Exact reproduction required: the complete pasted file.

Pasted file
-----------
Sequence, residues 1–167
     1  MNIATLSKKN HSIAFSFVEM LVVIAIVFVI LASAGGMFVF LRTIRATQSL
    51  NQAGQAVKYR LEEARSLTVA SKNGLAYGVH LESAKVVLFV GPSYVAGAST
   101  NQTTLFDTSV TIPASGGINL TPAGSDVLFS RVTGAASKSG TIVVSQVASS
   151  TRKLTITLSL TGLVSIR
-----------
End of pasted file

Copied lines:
Sequence, residues 1–167
     1  MNIATLSKKN HSIAFSFVEM LVVIAIVFVI LASAGGMFVF LRTIRATQSL
    51  NQAGQAVKYR LEEARSLTVA SKNGLAYGVH LESAKVVLFV GPSYVAGAST
   101  NQTTLFDTSV TIPASGGINL TPAGSDVLFS RVTGAASKSG TIVVSQVASS
   151  TRKLTITLSL TGLVSIR